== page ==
Predicting time to subsequent pregnancy

Rachel Gold, Frederick A. Connell, Patrick Heagerty, Peter Cummings, Stephen Bezruchka, Robert Davis, Mary Lawrence Cawthon

Research output: Contribution to journalArticle

6 Citations (Scopus)

Abstract

Objectives: Women in poverty may benefit from avoiding closely spaced pregnancies. This study sought to identify predictive factors that could identify women at risk for closely spaced pregnancies. Methods: We studied 20,028 women receiving welfare (cash assistance) from Washington State. Using Cox proportional hazards methods, we estimated the effects of individual- and community-level variables on time from an index birth until a subsequent pregnancy (between June 1992 and December 1999). Prediction models developed in a random half of our data were validated in the other half. Receiver operator characteristic plots appropriate for proportional hazards models were calculated to compare the sensitivity and specificity of each model. Results: At 5 ye ars of follow-up, the most predictive model contained just individual-level variables (age, education, race, marital status, number of prior pregnancies); the area under the receiver operator characteristic curve was 0.66 (.62-.69). The addition of community-level variables (percent in poverty, with a high school degree or higher, Black, Hispanic, in an urban area; female unemployment rate; income inequality) added little predictive ability. Differences were found between women with different individual- and community-level characteristics, but the results suggest that these factors are not strong predictors of pregnancy spacing. Conclusions: Individual- and community-level characteristics are associated with interpregnancy intervals; however, we found little evidence that the selected variables predicted pregnancy interval in a useful manner.

Original languageEnglish (US)
Pages (from-to)219-228
Number of pages10
JournalMaternal and child health journal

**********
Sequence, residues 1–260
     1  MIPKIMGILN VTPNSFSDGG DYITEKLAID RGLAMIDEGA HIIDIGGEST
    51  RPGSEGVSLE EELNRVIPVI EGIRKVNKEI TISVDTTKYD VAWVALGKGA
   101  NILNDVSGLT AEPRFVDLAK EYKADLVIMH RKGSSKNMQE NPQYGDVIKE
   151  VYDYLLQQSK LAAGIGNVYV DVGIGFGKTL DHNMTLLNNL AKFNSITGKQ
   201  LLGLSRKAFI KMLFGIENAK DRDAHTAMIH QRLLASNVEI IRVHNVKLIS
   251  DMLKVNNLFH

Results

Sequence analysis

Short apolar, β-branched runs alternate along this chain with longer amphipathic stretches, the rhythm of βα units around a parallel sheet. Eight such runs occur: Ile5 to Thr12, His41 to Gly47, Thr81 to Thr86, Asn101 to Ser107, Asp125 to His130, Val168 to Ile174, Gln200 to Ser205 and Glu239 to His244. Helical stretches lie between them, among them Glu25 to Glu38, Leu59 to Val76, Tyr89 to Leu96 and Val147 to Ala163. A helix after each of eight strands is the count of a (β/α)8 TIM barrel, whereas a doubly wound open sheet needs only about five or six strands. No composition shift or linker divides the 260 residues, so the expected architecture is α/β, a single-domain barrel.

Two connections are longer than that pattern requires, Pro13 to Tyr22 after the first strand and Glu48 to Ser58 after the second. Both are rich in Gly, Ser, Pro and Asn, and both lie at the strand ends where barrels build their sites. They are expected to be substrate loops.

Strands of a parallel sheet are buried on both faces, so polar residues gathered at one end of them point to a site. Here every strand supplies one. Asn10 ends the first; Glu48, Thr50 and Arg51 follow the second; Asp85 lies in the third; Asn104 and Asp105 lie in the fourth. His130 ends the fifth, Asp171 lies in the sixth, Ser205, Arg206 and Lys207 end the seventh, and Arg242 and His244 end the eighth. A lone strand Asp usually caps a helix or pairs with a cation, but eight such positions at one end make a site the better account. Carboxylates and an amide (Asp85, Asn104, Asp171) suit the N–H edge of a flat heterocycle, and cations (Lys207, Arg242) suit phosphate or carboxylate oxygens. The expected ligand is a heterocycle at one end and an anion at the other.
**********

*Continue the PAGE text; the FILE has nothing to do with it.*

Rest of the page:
Volume9
Issue number3
DOIs
StatePublished - Sep 1 2005

Fingerprint

Time-to-Pregnancy
Pregnancy
Poverty
Birth Intervals
Aptitude
Unemployment
Marital Status
Hispanic Americans
Proportional Hazards Models
Parturition
Education
Sensitivity and Specificity

All Science Journal Classification (ASJC) codes

  • Epidemiology
  • Pediatrics, Perinatology, and Child Health
  • Obstetrics and Gynecology
  • Public Health, Environmental and Occupational Health

Cite this

Gold, R., Connell, F. A., Heagerty, P., Cummings, P., Bezruchka, S., Davis, R., & Cawthon, M. L. (2005). Predicting time to subsequent pregnancy. Maternal and child health journal, 9(3), 219-228. https://doi.org/10.1007/s10995-005-0005-7

Predicting time to subsequent pregnancy. / Gold, Rachel; Connell, Frederick A.; Heagerty, Patrick; Cummings, Peter; Bezruchka, Stephen; Davis, Robert; Cawthon, Mary Lawrence.

In: Maternal and child health journal, Vol. 9, No. 3, 01.09.2005, p. 219-228.

Research output: Contribution to journalArticle

Gold, R, Connell, FA, Heagerty, P, Cummings, P, Bezruchka, S, Davis, R & Cawthon, ML 2005, 'Predicting time to subsequent pregnancy', Maternal and child health journal, vol. 9, no. 3, pp. 219-228. https://doi.org/10.1007/s10995-005-0005-7
Gold R, Connell FA, Heagerty P, Cummings P, Bezruchka S, Davis R et al. Predicting time to subsequent pregnancy. Maternal and child health journal. 2005 Sep 1;9(3):219-228. https://doi.org/10.1007/s10995-005-0005-7
Gold, Rachel ; Connell, Frederick A. ; Heagerty, Patrick ; Cummings, Peter ; Bezruchka, Stephen ; Davis, Robert ; Cawthon, Mary Lawrence. / Predicting time to subsequent pregnancy. In: Maternal and child health journal. 2005 ; Vol. 9, No. 3. pp. 219-228.
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